Bob told me once about how he and Cavin, and this must have been in the early 1970s, that there was a state law against same sex dancing and he and Cavin and other people too, mobilized certain state representatives and people and got them to change the law.  

MJ:  But he’s the sole owner of the Old Plantation at this point?

Zaza:  He’s the sole owner of the San Antonio Mining Company, the Old Plantation, and U-Got-It.  I think he helped the guy that opened the Whatever Lounge with money but he preferred to remain a silent partner. Floyd ran the Whatever.  This gives you an example of Bob, Floyd had a bad heart condition and the family and the doctors decided not to tell him but Bob kept him in his house in his last couple of months of his life and took care of him.  

MJ:  What was the name of the owner of the Diamond Lil.  Don.  And what happened to the Diamond, did it just go broke?

Zaza:  He told me because I was doing a lot of shows there.  He was barely making enough money to buy the next day’s beer supply and it finally got to the point where it was just got too much.  

MJ:  And of course, one of the more famous bartenders was Chiquita.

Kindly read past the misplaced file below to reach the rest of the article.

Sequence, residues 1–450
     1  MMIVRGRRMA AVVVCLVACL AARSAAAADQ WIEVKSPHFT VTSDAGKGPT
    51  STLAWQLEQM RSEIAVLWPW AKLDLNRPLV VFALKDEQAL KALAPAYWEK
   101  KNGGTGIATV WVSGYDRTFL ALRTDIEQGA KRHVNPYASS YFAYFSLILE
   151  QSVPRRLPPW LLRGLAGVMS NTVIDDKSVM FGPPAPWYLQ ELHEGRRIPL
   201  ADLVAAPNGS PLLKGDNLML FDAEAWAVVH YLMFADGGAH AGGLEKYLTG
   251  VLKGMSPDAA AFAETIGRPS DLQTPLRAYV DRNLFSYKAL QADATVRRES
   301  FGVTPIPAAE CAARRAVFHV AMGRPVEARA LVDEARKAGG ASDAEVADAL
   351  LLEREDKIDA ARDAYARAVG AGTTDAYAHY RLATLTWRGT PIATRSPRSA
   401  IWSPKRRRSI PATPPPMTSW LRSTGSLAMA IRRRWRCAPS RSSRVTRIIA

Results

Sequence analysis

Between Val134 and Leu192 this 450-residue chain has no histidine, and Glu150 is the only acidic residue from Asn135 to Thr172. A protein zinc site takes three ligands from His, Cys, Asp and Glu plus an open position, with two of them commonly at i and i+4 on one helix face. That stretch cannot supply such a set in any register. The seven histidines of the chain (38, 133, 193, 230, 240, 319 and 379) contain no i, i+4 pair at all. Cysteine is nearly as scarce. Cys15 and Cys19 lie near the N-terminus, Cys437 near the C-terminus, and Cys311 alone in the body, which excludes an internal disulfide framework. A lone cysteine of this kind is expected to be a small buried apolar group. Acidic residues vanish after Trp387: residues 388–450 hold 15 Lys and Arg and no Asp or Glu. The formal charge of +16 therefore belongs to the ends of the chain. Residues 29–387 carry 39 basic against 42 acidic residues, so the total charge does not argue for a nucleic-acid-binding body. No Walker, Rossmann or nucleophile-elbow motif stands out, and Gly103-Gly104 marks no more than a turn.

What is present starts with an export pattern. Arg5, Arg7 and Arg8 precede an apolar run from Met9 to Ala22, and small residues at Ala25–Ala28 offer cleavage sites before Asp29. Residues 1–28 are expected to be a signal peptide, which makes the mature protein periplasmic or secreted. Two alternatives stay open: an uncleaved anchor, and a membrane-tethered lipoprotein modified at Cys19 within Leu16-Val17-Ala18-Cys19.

Zaza:  Who still works at the Whatever Lounge.  And if you can get her to sit still, you can get some interesting stuff out of her.  

MJ:  So, with all these businesses and the opening this gay community center, how much do you think gay bars and gay related industry contribute to the local economy? 

Zaza:  I think it must contribute a lot.  If, as I have pointed out many times, if it’s true that even seven percent of the total population or let’s even say five percent, if there are a million people in Juárez and let’s say there are 500,000 here and in this immediate area, Las Cruces, and all that, another 200,000, what are we looking at, let’s say nearly two million, maybe that’s too much, maybe it should be 1,700,000 people–what is five percent of this number?  If ten percent is 100,000, then five percent is 50,000, potential and this the only, well, there’s bars in Cd. Juárez, this is the only, the kind of thing Bob provides, it’s the only game.  You always meet people from Las Cruces, Alamogordo and other places in the region.  

MJ:  But it’s not a political lobby like in other cities?